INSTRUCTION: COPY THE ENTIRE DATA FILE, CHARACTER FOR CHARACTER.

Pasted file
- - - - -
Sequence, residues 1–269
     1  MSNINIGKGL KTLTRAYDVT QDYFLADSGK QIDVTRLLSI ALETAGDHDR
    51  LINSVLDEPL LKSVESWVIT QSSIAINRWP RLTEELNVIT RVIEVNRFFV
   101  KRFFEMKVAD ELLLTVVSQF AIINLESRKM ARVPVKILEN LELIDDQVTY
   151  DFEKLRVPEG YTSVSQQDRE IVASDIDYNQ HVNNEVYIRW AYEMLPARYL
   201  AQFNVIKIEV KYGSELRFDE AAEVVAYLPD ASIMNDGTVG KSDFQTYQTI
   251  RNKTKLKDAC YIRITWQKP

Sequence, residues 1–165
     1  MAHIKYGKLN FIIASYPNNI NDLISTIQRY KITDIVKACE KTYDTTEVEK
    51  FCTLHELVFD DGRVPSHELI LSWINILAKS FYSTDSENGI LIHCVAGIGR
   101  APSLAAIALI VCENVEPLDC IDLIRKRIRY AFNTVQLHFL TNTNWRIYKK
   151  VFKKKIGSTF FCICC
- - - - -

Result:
Sequence, residues 1–269
     1  MSNINIGKGL KTLTRAYDVT QDYFLADSGK QIDVTRLLSI ALETAGDHDR
    51  LINSVLDEPL LKSVESWVIT QSSIAINRWP RLTEELNVIT RVIEVNRFFV
   101  KRFFEMKVAD ELLLTVVSQF AIINLESRKM ARVPVKILEN LELIDDQVTY
   151  DFEKLRVPEG YTSVSQQDRE IVASDIDYNQ HVNNEVYIRW AYEMLPARYL
   201  AQFNVIKIEV KYGSELRFDE AAEVVAYLPD ASIMNDGTVG KSDFQTYQTI
   251  RNKTKLKDAC YIRITWQKP

Sequence, residues 1–165
     1  MAHIKYGKLN FIIASYPNNI NDLISTIQRY KITDIVKACE KTYDTTEVEK
    51  FCTLHELVFD DGRVPSHELI LSWINILAKS FYSTDSENGI LIHCVAGIGR
   101  APSLAAIALI VCENVEPLDC IDLIRKRIRY AFNTVQLHFL TNTNWRIYKK
   151  VFKKKIGSTF FCICC